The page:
If you thought Eddie Vedder invented throat-singing–well, think again. Traditional throat singers Huun Huur Tu “come from the former Soviet Autonomous Republic of Tuva, a sparsely settled region of grasslands, boreal forests, and mountain ridges” situated north of Mongolia. Their indigenous music “highlights rare instruments and preserves what is arguably some of the world's oldest form of music making,” including the best known genre of Tuvan music, xöömei (throat-singing).
Huun Huur Tu have just released Eternal, a collaboration with electronic musician & record producer Carmen Rizzo. Critical praise has been consistent for this album (Eno's world-beat experiments have been invoked), including this bonkers gem from the SF Bay Guardian: “The Tuvans will ride into your brain and leave hoofprints up and down your spine”! (they apparently mean this in a good way).
Hot on the heels of a free showcase last Sunday at Amoeba, Huun Huur Tu will be presenting the new material tonight at Zanzibar. Bring a spine-guard just in case.
From the well-informed Time review of Eternal:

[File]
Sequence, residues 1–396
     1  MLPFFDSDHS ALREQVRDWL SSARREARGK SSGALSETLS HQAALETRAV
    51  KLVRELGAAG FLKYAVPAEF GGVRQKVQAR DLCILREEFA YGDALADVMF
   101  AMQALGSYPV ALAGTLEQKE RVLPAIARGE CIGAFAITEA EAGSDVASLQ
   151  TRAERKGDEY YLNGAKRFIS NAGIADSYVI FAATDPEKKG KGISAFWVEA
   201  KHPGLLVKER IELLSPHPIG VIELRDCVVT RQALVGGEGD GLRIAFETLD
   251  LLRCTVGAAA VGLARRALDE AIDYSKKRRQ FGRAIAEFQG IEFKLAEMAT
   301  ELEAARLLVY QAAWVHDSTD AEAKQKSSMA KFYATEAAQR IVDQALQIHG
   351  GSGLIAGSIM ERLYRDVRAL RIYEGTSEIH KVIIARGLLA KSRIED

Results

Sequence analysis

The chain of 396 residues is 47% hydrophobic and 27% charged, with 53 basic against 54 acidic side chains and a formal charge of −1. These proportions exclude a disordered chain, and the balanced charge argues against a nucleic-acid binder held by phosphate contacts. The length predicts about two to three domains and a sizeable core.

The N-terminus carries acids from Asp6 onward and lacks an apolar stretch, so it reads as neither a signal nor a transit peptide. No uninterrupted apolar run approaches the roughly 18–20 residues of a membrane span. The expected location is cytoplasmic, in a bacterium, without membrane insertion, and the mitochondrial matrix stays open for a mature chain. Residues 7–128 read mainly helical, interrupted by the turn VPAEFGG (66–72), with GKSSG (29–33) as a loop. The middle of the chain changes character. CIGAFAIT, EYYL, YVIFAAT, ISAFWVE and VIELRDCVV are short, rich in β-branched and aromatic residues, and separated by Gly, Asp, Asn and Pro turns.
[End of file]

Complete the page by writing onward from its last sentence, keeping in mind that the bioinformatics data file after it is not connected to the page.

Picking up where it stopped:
To those who have heard of it, the autonomous Russian republic of Tuva is chiefly known for three things: its colorful and highly collectible stamps, its rugged terrain (this was the place chosen by fly-fishing Russian Prime Minister Vladimir Putin as the backdrop for a much ridiculed series of photos in which he appeared shirtless and on horseback) and its khoomei, or throat singing. In characteristically paranoid fashion, the Soviets regarded khoomei as subversive, and spent 50 years attempting to suppress it, but this ancient folk music proved considerably more resilient than the U.S.S.R. and thrives today — a favorite on the world-music festival circuit and on the CD players of fashionable, Eastern spas.
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